French MPs vote on road map for restoring Notre-Dame
Three months after fire destroyed the roof and spire of Paris’s Notre-Dame Cathedral, French MPs were set Tuesday to approve controversial proposals on how to go about rebuilding the famous church.
Lawmakers in France’s lower house of parliament, the National Assembly, were to vote in late afternoon or early evening on a hotly debated set of proposals for restoring the celebrated cathedral.
The objective of the proposals, according to Culture Minister Franck Riester, was “to offer Notre-Dame a restoration up to the standard of the place it occupies in the hearts of the French people and the whole world”.
While it consists largely of creating special committees and administrative bodies, the bill essentially provides the legal basis for what has already been proposed by President Emmanuel Macron and the French government.
While lawmakers were united in support of this objective, they were more divided on what the bill meant for the timeline, design and funding of the restoration work.
Five-year target criticised
The proposals correspond to Macron’s objective of having the building reopened within five years, in time for the 2024 Olympic Games to be hosted in Paris.
Many architects, engineers and heritage specialists have warned that’s just not enough to do the job properly.
Three months after the fire, tourists and other admirers have to observe the building from outside a wide perimeter of metal barriers.
Only construction crews, wearing protective outfits to shield from the risk of lead poisoning, can approach and enter the building.
The chief architect of the site says it could still take nine months before experts will even know how stable the remaining parts of the building are, let alone begin with reconstruction.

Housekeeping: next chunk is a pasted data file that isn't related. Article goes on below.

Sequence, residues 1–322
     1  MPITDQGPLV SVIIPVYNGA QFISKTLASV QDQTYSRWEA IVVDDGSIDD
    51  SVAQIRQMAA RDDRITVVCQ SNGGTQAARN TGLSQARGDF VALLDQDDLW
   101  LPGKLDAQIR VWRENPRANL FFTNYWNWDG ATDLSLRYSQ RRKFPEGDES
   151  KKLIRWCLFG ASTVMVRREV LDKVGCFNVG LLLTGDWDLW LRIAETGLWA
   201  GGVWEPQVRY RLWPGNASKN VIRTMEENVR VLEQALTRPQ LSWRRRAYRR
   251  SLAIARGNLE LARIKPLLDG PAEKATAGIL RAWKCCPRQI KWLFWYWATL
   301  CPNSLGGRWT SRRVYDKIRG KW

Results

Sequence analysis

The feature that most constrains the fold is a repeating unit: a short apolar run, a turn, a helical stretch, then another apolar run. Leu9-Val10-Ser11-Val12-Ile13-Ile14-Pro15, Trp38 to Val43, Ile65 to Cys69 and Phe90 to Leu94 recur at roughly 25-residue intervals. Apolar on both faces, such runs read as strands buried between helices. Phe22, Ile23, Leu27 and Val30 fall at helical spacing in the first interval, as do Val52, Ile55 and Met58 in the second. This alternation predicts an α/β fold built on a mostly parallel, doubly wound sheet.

Riester insisted the deadline was “ambitious and voluntarist” and said it “would bring together all the concerned parties.
“We are not confusing speed and haste,” he said, recognising the cathedral is not yet “completely saved” and there is still “a risk” of further collapse.
Opposition lawmakers however objected to proposals to give the government the ability to approve rebuilding measures by ordonnance and bypass heritage and environmental regulations, not to mention public debate, to meet the five-year deadline.
Swimming pool on the roof?
MPs will also essentially give the legislative green light for the design to be decided in the international architecture competition that the French government announced in the days after the fire.
Traditionalists have called for the spire to be rebuilt as it was before the fire, and the Senate, where the right-wing opposition party Les Républicains holds a majority, wanted the bill to commit to a design faithful to nineteenth-century design of architect Eugène Viollet-le-Duc.
Their efforts were in vain, opening the way for proposals responding to Macron’s call for a “contemporary architectural gesture”.
Proposals so far have ranged from a glass roof and spire, a rooftop garden and even a swimming pool on top of the 850-year-old gothic edifice.
Framework for donations
The bill will also set up a body to oversee how donations are collected and how funds are allocated.
The legislation will allow an extended tax break to individual donations for this particular project: 75 percent over the usual 66 percent on donations of up to 1000 euros per donor.
Left-wing MPs have objected to the tax break, saying it means that taxpayers will ultimately be footing the bill.
Such donations represent a small part of the 850 million euros pledged to date, the majority of the money offered by France’s wealthiest families.
Riester said that only 10 percent of the total pledged donations have actually been delivered, a figure up from the 5 percent cited by the archbishop of Paris earlier this month.